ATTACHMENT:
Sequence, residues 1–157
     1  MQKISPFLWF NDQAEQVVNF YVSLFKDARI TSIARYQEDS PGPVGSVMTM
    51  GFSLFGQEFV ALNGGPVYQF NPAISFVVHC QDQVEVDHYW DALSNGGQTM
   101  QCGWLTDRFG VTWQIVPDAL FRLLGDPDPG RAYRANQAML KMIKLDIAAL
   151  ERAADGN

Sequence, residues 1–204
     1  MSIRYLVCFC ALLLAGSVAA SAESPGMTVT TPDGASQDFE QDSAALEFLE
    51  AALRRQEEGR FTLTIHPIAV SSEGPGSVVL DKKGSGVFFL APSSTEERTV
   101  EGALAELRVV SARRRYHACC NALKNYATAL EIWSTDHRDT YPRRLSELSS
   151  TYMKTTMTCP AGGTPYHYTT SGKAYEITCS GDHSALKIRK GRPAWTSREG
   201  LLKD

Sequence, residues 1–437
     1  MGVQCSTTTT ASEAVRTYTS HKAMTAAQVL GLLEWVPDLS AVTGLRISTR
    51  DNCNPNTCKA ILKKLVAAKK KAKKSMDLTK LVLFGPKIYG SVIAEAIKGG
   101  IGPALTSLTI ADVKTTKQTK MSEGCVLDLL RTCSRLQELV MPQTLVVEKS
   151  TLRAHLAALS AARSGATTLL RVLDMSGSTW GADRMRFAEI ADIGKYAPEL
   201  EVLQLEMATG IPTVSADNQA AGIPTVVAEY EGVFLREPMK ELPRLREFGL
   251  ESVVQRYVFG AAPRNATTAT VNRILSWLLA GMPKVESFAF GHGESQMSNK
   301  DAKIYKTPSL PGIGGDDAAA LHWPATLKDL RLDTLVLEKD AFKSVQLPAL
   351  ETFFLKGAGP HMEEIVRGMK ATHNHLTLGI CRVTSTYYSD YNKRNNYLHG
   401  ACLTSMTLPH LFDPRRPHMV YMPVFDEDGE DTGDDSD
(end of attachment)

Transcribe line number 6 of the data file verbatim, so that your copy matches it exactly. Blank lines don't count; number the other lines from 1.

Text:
Sequence, residues 1–204